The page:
Cozen O'Connor Subrogation & Recovery: Shorter Statutes of Limitation for Property Damage Caused By Automobiles in Michigan and Wisconsin [Subrogation & Recovery Alert]

Shorter Statutes of Limitations for Property Damage Caused By Automobiles in Michigan and Wisconsin

Subrogation & Recovery Alert

August 6, 2018

Two states, Michigan and Wisconsin, maintain shorter statutes of limitations for claims arising from property damage to buildings caused by automobiles. It is, of course, imperative to comply with the shorter statute of limitation when pursuing a claim arising from property damage to a building caused by an automobile in either Michigan or Wisconsin.

Michigan

Michigan maintains a three-year statute of limitations for tort claims arising from property damage. Mich. Comp. Laws § 600.5805(2). When an automobile damages a building, however, and the building owner seeks to recover from the liability insurer for the automobile’s operator, a one-year statute of limitations applies. Mich. Comp. Laws § 500.3145. The injured building owner can bring a direct action against the liability insurer for the automobile’s operator but the injured building owner, or its subrogating insurer, must bring that action within one year of the accident. See id.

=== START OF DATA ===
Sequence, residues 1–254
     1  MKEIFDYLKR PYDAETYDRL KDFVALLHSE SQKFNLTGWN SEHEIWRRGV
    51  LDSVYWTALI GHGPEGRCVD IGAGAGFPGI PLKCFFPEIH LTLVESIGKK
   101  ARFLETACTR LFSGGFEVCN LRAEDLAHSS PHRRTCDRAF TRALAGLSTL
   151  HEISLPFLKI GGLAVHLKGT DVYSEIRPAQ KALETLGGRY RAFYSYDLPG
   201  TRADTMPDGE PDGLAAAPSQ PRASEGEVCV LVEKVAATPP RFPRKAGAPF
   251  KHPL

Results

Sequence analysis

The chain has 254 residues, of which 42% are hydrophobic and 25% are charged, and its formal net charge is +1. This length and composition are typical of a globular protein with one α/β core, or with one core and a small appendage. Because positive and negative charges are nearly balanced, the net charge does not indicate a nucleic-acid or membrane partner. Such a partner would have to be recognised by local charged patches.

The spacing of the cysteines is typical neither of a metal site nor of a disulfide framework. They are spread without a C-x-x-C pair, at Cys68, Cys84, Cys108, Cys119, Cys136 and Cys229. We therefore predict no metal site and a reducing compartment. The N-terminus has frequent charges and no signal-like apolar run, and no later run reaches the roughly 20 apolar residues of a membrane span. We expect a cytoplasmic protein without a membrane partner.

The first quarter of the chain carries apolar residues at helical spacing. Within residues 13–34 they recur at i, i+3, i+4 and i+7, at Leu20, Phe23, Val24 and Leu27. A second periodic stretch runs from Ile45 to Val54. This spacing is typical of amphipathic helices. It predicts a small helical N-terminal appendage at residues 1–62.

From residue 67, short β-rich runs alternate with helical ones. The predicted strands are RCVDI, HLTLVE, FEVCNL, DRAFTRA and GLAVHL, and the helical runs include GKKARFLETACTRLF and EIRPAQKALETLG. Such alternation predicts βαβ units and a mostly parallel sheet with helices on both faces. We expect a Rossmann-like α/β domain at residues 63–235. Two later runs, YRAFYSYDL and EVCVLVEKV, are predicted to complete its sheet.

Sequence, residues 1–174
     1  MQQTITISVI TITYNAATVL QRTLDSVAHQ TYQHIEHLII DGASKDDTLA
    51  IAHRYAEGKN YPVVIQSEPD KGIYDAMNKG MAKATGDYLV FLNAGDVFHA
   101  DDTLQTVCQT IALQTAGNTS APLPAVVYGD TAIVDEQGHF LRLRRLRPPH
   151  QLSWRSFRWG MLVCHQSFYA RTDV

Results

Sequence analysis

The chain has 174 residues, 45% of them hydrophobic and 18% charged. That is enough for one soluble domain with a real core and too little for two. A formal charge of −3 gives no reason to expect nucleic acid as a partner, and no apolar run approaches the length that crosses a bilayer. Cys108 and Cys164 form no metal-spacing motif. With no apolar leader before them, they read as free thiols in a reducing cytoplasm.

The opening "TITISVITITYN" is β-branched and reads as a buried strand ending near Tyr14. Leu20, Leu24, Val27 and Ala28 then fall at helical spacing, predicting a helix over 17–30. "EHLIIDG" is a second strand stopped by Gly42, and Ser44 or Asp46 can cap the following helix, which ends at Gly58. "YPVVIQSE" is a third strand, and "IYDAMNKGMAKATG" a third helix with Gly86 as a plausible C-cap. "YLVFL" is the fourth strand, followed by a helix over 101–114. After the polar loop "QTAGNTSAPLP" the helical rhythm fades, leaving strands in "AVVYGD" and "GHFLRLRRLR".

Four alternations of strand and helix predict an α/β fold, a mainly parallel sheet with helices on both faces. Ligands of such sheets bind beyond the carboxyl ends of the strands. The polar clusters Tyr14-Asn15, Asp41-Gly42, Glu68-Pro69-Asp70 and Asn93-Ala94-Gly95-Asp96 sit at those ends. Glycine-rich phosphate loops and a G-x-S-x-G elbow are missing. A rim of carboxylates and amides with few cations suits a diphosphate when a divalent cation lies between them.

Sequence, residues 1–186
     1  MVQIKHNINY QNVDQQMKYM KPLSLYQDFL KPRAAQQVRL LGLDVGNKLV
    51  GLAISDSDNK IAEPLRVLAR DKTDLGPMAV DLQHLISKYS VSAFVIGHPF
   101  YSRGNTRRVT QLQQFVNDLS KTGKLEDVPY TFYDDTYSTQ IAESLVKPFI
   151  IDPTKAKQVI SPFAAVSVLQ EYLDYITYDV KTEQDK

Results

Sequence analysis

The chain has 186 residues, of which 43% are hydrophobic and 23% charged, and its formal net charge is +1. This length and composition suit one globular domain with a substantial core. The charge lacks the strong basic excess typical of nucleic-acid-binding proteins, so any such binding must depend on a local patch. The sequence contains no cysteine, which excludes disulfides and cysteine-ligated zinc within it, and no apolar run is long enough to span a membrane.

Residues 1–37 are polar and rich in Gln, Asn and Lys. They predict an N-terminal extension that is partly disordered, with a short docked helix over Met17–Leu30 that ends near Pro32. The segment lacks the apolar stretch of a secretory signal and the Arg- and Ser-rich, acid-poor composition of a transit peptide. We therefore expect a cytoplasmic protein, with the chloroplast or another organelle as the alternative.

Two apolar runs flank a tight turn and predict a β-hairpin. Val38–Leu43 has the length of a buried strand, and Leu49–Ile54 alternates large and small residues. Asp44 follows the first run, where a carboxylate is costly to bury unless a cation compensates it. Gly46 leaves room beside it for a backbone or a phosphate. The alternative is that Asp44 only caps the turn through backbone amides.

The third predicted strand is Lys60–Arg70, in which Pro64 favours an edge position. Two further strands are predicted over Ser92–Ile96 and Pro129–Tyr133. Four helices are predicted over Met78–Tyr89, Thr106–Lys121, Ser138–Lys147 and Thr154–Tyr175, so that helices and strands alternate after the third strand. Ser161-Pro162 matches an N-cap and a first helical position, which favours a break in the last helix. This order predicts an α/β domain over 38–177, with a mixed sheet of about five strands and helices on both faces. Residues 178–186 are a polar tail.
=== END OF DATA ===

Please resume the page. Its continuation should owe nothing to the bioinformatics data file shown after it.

If an injured building owner does not bring a direct action against the liability insurer for the automobile’s operator within one year of the accident, the building owner or its subrogating insurer can still bring a claim against the automobile’s operator within the general three-year statute of limitations. In that scenario, however, the liability insurer for the automobile’s operator will not be required to respond to the injured building owner’s claim. As such, if you seek to recover from the liability insurer for an automobile operator for causing damage to a building in Michigan, you must bring a direct action against the insurance carrier for the automobile’s operator within one year of the accident.

Wisconsin

Wisconsin maintains a six-year statute of limitations for tort claims to recover for general property damage. Wis. Stat. § 893.52(1). When an automobile damages a building and the building owner seeks to recover from the automobile’s operator, however, the statute of limitations is only three years. Wis. Stat. § 893.52(2). Unlike Michigan, Wisconsin does not permit or require a direct action against the automobile operator’s insurance carrier. As such, if you seek to recover from the insurance carrier for an automobile operator for causing damage to a building in Wisconsin, you need only file a claim against the automobile operator within three years of the accident.

All of these issues are addressed in Cozen O’Connor’s 50 State Jurisdictional Comparative Chart for Time Limitations (Statute of Limitations, Statute of Repose and Notice Requirements), which you can request at www.cozen.com. Click here for registration directions.


Authors

Christopher H. Boyle

Member

chboyle@cozen.com

(215) 665-2068

Related Practices


Please contact Christopher H. Boyle at (215) 665-2068 or chboyle@cozen.com if you have any questions regarding the laws discussed in this Alert.